We have rejected the argument of undue discrimination in the terms of the statute, in that equalization is required for both assessment lists, and equalization was had here. Moreover, municipalities are political subdivisions of the State for the exercise of delegated governmental powers; and in the very nature of the relation the restraints of the Fourteenth Amendment have no application. City of Trenton v. State of New Jersey, 262 U.S. 182, 43 S.Ct. 534, 67 L.Ed. 937 (1922); Camden County v. Pennsauken Sewerage Authority, 15 N.J. 456 (1954).

The Division's judgment of dismissal is accordingly reversed; and the action of the county board of taxation is affirmed.

For reversal — Chief Justice WEINTRAUB, and Justices HEHER, BURLING, JACOBS, FRANCIS and PROCTOR — 6.

For affirmance — Justice WACHENFELD — 1.

Summaries of

Clifton v. Passaic County Board of Taxation

Supreme Court of New Jersey
Dec 15, 1958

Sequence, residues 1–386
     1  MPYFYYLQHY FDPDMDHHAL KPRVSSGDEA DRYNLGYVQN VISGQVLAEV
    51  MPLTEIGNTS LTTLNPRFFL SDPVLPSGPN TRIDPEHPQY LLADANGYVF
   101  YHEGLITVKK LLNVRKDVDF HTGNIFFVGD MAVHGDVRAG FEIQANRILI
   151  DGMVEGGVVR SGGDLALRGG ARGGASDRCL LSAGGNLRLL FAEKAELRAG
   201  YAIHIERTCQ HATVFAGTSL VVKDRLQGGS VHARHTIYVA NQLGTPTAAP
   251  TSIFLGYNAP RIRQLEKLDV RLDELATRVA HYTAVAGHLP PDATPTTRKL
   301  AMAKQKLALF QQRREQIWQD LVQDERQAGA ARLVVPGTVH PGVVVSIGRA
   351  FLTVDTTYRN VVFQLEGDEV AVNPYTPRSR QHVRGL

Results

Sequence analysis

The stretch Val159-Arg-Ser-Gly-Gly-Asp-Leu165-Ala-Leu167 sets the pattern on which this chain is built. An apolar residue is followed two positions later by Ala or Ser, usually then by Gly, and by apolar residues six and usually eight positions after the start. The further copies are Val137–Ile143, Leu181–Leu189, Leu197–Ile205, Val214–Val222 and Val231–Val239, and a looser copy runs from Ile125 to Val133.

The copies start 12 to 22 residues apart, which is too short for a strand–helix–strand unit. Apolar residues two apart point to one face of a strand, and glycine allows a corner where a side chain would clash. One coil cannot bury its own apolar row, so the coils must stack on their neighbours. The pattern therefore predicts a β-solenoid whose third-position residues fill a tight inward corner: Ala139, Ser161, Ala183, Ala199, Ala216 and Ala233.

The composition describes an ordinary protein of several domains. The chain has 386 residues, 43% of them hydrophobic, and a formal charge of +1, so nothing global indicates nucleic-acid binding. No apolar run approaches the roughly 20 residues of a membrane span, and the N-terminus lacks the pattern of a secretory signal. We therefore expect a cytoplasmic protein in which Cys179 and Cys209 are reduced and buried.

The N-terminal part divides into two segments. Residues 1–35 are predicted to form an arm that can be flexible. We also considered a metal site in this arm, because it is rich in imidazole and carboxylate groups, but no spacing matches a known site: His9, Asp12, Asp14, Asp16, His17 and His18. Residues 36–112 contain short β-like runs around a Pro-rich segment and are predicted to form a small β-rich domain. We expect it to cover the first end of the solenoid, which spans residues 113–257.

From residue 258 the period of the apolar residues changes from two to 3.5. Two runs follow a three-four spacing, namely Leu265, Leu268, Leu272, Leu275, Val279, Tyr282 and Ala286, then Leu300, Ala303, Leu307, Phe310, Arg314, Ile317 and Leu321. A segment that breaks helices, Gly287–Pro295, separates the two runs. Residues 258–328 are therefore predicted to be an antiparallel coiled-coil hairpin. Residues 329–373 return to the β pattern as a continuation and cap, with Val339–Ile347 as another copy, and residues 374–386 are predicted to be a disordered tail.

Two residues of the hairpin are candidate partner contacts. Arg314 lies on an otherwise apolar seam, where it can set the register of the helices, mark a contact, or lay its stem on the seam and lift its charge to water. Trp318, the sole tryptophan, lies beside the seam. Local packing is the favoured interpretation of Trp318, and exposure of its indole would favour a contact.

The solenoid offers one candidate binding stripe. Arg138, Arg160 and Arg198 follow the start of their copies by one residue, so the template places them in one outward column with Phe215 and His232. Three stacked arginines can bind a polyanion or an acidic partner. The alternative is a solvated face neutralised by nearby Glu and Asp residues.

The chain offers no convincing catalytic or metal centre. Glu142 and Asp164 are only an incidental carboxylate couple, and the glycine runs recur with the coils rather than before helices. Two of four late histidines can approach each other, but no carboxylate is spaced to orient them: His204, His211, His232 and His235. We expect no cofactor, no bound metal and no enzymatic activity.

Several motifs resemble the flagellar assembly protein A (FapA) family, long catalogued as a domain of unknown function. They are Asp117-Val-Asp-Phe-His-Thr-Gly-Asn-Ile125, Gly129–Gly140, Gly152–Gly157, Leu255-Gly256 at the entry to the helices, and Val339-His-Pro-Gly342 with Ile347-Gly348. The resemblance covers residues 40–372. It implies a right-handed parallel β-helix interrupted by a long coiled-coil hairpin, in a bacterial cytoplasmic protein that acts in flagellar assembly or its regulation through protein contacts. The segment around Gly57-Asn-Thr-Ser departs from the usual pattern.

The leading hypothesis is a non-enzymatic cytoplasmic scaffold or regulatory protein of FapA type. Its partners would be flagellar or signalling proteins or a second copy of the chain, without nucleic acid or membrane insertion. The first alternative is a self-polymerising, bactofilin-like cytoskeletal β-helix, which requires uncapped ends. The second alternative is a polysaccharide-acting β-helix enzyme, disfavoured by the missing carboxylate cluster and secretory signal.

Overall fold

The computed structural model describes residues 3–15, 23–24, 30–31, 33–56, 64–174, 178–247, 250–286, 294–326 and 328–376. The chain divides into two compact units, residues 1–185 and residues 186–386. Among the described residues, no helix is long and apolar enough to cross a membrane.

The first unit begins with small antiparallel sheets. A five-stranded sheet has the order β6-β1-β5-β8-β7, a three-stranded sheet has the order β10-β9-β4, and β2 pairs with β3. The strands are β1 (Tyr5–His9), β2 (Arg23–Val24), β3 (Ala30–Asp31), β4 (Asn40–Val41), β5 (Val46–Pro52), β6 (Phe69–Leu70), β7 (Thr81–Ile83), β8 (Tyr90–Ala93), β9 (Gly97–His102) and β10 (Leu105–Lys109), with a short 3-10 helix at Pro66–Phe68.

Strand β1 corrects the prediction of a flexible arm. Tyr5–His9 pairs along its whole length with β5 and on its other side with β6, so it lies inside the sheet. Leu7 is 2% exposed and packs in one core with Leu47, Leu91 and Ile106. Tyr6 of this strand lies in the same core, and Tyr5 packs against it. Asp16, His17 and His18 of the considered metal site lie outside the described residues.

28 N.J. 411 (N.J. 1958)

noting that comparison with laws related "expressly to the same point" is useful in statutory construction

Summary of this case from Burns v. Belafsky
Case details for

Clifton v. Passaic County Board of Taxation

Case Details


Court:Supreme Court of New Jersey

Date published: Dec 15, 1958


28 N.J. 411 (N.J. 1958)
147 A.2d 1

Citing Cases

Porcelli v. Titus

In view of those fundamental concepts and directives, it is urged that the instant employment contract must…

Patterson v. Cooper

A fundamental principle of statutory construction is that "statutes . . . relat[ing] to the same matter or…